What is Heroin
Heroin is an extremely addictive illegal opioid that is made from morphine. It is a natural substance extracted from the seed pod of the various opium poppy plants. These species of plants are grown in Southeast and Southwest Asia, Mexico, and Colombia. It comes in a white or brown powder form, but can also be in the form of a dark sticky substance called black tar heroin.
This deadly drug was produced on a commercial scale in 1898 by German pharmaceutical and life sciences company, Bayer Company. It was used to help treat tuberculosis as well as a remedy for morphine addiction. At first glance, it seemed to be very successful. Unfortunately, as time went on, the tolerance to this drug rose and the addiction began.
Heroin can be injected, sniffed, snorted, or smoked. People have mixed heroin with crack cocaine, which is called speedballing. The most common way heroin is used is by injecting it into your bloodstream, causing it to go to the brain almost instantaneously. With using needles to inject this drug comes additional risks, like contracting HIV/AIDS, hepatitis, and other dangerous infections.
Heroin is one of the most addictive and deadliest drugs. The chronic use of heroin will eventually change the structure and function of the brain. With most drugs, users build a tolerance, resulting in higher and more frequent doses to get high. When someone gets addicted to a drug like heroin, you develop a physical and psychological dependence on this drug. This means you can’t function in your day-to-day without the use or the high.
Heroin gives you a sense of euphoria, feeling a surge of pleasure and happiness. In reality, this feeling attracts users and gets them hooked, keeping them coming back to escape. There are many physical signs that indicate that someone is abusing heroin.
Here are some things to look out for:
- Needle track marks on body
- Abnormally small pupils
- Dry mouth
- Flushed skin
- Loss of self control
- Nausea and vomiting
- Confused or disoriented
- Memory loss
- Slow movements and thinking
Thankfully, if you suspect a loved one may be abusing this deadly drug, these symptoms may help you catch the problem before it is too late.
Drug overdose is a touchy subject and can be a terrifying reality when a loved one is abusing a drug like heroin. According to the NIH, nearly 50,000 people in the United States died from an opioid-related overdose. When someone is overdosing on heroin their breathing will begin to slow, and oftentimes stop completely. This will send the person into hypoxia, which is a decrease in the amount of oxygen that is reaching the brain. If this does not kill the person, going into hypoxia can leave someone in a coma or cause permanent brain damage.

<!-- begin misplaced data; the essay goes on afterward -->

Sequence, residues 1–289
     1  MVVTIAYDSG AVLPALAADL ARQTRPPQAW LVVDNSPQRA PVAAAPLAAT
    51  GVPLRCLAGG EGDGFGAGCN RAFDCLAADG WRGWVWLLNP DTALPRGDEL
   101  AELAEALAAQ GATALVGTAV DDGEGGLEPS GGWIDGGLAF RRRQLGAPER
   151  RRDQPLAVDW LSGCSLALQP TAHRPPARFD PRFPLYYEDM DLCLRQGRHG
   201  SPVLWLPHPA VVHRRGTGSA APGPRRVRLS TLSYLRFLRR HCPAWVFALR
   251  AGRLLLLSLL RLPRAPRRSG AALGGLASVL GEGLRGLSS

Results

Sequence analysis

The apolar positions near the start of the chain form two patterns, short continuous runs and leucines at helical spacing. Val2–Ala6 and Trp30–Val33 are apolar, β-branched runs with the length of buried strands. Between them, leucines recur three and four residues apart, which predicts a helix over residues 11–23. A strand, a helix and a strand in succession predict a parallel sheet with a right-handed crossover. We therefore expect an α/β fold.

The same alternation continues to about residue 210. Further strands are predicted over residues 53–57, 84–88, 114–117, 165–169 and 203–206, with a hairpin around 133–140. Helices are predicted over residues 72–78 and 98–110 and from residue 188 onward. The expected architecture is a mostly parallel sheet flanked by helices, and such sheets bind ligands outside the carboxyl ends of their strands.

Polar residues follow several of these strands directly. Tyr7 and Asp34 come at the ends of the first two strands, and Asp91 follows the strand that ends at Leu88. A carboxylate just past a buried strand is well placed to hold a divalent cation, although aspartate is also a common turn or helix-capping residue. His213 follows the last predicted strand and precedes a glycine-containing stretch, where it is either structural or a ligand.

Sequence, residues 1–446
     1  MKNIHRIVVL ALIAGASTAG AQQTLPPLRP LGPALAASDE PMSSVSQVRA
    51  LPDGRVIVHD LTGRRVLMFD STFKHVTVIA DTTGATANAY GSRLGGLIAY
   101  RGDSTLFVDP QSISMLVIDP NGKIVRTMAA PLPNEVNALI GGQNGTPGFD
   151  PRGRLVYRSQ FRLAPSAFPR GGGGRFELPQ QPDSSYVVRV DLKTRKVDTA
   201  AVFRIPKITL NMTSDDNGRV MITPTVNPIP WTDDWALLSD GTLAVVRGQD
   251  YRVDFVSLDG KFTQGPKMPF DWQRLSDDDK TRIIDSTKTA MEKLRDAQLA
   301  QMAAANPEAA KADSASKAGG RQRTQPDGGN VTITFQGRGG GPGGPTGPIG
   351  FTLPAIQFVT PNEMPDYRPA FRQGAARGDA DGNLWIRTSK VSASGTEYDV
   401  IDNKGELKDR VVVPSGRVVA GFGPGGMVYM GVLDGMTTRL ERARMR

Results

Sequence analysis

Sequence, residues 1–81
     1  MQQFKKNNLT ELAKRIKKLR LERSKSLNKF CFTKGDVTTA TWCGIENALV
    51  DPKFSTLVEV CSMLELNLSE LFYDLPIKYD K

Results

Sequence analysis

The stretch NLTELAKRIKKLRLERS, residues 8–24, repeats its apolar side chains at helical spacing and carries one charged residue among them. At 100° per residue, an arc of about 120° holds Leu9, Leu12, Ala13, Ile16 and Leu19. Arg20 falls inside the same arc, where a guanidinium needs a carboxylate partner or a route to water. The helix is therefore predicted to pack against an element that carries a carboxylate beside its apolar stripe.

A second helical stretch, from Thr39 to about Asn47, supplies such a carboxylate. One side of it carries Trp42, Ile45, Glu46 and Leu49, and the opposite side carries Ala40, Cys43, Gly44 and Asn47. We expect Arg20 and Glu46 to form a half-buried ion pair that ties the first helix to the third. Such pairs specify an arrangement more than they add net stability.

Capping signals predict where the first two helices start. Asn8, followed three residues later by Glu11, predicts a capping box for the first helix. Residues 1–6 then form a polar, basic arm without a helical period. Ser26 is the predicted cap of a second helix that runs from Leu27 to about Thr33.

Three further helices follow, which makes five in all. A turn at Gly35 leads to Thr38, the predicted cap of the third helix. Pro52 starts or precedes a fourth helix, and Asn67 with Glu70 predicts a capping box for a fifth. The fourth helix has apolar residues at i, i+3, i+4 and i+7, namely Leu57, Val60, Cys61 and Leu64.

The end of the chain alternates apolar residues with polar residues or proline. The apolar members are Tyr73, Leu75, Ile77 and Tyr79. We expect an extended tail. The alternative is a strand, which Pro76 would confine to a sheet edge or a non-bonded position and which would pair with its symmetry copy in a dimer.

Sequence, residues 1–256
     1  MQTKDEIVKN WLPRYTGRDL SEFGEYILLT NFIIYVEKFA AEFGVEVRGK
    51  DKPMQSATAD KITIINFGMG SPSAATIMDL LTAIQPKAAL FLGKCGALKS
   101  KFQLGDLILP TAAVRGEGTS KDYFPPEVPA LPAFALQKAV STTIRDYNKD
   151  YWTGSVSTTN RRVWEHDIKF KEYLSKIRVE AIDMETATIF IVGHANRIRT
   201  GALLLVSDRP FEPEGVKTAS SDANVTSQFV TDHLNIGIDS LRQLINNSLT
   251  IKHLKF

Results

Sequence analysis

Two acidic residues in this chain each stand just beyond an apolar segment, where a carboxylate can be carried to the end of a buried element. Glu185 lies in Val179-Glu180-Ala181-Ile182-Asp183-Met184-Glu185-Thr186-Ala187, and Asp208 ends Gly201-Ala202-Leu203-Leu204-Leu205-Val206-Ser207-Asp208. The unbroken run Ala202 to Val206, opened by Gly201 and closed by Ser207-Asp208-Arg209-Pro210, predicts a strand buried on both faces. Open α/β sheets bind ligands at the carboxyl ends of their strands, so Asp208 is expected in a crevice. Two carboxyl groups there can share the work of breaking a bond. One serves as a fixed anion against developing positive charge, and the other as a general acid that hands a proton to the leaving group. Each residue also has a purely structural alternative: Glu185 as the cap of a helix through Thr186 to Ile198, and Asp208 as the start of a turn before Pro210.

Here are some signs of a heroin overdose:
- Slow breathing
- Bluish colored lips or nails
- Weak pulse
- Slowed or stopped heartbeat
- Cold, damp skin
- Unable to communicate/ speak
- Extreme drowsiness
- Repeated loss of consciousness
- Low blood pressure
It is dire to act quickly if or when you notice someone with these symptoms. Calling 911 right away can potentially save a person’s life. If you know someone who abuses narcotics, you can also carry Narcan with you, which can treat an emergency overdose.
Like we spoke about above, when you abuse a drug like heroin, your body creates physical and psychological dependents on it to function. Withdrawing from drugs can be extremely hard and strenuous on one’s body and mind. There is no way to avoid withdrawal and this deters users from wanting to stop because of the horror stories.
Withdrawal symptoms can develop as quickly as a few hours after stopping use. Here is what withdrawal symptoms can look like:
- Uncontrollable sweating
- Nausea and vomiting
- Muscle aches and pains
- Runny nose
- Sleep issues
- Extreme heroin cravings
- Uncontrollable leg movements
Going through withdrawal can be extremely difficult. It is important to talk to someone and get the professional help you need.
How to Get Help For a Heroin Addiction
If you are the person abusing the drug, the first step is admitting you have a problem. No one can get you the help you need until you are willing and ready. There are thousands of amazing recovery centers around the US ready to help you on your way to recovery. If you know someone who is struggling with an addiction, reaching out to a center can help find the most effective way to get your loved one the treatment they need.
If you or a loved one is ready to make the first step to recovery, contact Harm Reduction Center for a personalized journey away from addiction.